Once the target has been eliminated, the final objective of each mission is to exfiltrate from the area. While I would have liked to quietly slip away in the same fashion that I entered, that was never an option. Enemies were always quick to identify my location and attack. This was no longer a game of one shot, one kill. The Thompson sub-machine gun was now my weapon of choice as I made my way towards the exfiltration point, guns blazing. While these moments do provide a bit of variety to the gameplay, I found them to be somewhat displeasing after spending so much time on my stealthy insertion. In like Sam Fisher. Out like Rambo.
Over the course of the 10 to 12 hour campaign, Sniper Elite V2 proved to be more of a multi-faceted game than I had anticipated. The stealth gameplay, as well as the run-and-gun exfiltrations were enjoyable, but lacked the polish of other titles who maintain those specialties. If you want stealth, you’d be better off playing Splinter Cell. If you want run-and-gun action, stick to Halo. However, if you are looking for an accurate sniping simulation, then Sniper Elite V2 is as good as it gets. It’s a smart shooter that rewards persistence. Replaying the game for better performance is encouraged by a scoring system, which allots points to kills based on distance, accuracy, and a number of other factors. After a bit of practice, I was able to accurately guide my bullet to the target with confidence almost every time. On those occasions when I did miss, my frustration was magnified by my failed expectations. I have never encountered a game in which a single bullet carried so much significance. Appropriately enough, the back of the game’s case reads, “One bullet can change history.” In Sniper Elite V2, that statement holds true, so aim carefully.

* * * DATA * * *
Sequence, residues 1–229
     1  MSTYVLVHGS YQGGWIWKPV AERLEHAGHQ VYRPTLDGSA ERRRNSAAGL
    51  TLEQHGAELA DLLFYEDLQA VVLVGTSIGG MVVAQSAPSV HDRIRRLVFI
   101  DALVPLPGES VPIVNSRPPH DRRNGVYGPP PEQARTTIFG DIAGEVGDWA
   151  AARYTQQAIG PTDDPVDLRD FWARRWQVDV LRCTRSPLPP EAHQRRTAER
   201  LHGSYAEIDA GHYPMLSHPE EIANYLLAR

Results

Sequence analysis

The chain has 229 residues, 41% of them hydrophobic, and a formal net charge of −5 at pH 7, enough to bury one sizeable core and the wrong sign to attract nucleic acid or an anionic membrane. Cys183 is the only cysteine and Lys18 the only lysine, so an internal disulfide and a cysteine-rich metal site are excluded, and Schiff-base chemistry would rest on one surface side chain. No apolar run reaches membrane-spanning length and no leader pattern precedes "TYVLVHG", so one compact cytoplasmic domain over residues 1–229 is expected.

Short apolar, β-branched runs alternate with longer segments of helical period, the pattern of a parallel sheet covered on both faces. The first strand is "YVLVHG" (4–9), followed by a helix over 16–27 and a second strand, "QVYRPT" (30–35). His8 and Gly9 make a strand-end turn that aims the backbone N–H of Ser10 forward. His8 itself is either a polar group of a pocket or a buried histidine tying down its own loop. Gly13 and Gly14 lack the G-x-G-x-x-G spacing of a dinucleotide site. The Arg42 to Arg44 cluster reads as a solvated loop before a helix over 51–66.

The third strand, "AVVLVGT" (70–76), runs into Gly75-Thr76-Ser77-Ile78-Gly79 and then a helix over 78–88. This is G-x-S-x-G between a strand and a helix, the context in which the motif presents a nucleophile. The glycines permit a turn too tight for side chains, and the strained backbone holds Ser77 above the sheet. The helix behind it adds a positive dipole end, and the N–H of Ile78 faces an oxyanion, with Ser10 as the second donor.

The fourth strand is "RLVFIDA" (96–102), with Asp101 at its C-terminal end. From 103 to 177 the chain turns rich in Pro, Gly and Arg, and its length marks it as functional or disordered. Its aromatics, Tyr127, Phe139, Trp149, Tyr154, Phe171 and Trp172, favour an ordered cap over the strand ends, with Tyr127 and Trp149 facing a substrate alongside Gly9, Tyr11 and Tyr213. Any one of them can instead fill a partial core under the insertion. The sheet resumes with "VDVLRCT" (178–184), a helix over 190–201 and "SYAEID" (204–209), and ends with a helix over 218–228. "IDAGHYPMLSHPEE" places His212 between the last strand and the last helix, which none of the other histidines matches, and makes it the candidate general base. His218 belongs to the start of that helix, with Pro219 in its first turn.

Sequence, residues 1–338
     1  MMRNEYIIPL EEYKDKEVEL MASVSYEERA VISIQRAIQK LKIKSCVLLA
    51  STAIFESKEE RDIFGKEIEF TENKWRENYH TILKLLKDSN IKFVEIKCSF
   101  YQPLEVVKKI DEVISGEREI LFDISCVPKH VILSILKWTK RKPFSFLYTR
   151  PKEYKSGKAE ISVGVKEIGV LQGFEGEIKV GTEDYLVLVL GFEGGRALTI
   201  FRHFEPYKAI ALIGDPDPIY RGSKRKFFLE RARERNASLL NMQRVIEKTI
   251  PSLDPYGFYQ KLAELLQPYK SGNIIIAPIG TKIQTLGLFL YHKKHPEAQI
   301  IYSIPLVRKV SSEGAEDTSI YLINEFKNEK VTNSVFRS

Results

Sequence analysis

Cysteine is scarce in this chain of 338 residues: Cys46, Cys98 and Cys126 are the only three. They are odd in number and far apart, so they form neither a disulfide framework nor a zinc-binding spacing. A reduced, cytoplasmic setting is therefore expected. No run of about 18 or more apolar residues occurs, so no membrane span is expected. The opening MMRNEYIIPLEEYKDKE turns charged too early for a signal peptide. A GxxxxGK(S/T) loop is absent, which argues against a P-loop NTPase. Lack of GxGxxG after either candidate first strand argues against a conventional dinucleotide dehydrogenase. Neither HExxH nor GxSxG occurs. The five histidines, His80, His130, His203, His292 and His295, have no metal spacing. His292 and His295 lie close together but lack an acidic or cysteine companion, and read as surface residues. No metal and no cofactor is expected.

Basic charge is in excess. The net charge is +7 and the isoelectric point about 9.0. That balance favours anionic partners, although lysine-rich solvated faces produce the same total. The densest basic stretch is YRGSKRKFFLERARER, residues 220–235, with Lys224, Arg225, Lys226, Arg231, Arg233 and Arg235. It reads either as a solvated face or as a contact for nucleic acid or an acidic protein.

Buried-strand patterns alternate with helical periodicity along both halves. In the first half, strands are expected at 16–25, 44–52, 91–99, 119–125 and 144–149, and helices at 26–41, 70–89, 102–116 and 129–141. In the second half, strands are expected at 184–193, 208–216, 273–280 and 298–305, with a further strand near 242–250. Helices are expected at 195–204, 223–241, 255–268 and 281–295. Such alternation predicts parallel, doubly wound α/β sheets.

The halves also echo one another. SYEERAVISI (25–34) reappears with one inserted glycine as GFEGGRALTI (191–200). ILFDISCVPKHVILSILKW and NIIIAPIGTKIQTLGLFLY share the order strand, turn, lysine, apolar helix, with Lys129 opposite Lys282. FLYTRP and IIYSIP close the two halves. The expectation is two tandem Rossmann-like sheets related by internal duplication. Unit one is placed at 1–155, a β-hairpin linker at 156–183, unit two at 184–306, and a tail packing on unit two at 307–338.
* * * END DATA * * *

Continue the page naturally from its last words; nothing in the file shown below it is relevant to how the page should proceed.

ONLY SINGLE PLAYER SCORE
Story – 7.5/10
Gameplay/Design – 8.0/10
Visuals – 7.5/10
Sound – 7.0/10
Lasting Appeal – 7.5/10
Overall – 7.5/10